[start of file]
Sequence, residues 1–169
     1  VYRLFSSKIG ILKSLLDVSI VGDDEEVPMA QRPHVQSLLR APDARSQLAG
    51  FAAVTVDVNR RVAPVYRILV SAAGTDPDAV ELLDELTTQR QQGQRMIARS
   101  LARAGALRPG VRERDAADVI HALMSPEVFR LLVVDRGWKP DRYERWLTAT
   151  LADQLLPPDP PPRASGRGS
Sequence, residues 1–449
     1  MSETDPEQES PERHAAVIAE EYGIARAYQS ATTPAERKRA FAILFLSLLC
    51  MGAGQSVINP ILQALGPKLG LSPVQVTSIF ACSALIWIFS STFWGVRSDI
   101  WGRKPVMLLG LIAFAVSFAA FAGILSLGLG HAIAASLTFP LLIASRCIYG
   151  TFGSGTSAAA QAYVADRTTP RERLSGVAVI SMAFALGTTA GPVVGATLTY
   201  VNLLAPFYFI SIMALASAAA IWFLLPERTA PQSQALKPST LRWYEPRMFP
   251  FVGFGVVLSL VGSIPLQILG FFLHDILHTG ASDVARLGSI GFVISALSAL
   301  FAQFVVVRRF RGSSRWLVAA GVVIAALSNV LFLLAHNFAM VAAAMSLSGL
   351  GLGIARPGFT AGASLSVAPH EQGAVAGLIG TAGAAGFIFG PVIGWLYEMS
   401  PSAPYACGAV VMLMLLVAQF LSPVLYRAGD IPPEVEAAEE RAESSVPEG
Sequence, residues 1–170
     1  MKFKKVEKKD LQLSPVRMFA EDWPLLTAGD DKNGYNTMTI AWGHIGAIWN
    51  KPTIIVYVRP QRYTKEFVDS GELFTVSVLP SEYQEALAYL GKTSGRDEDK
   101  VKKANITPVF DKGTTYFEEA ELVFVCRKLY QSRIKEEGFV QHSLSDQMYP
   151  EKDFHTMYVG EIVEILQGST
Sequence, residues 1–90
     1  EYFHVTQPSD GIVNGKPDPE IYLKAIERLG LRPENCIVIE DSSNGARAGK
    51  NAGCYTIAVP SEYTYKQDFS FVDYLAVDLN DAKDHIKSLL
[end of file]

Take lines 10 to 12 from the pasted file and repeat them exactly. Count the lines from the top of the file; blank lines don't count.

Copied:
   151  TFGSGTSAAA QAYVADRTTP RERLSGVAVI SMAFALGTTA GPVVGATLTY
   201  VNLLAPFYFI SIMALASAAA IWFLLPERTA PQSQALKPST LRWYEPRMFP
   251  FVGFGVVLSL VGSIPLQILG FFLHDILHTG ASDVARLGSI GFVISALSAL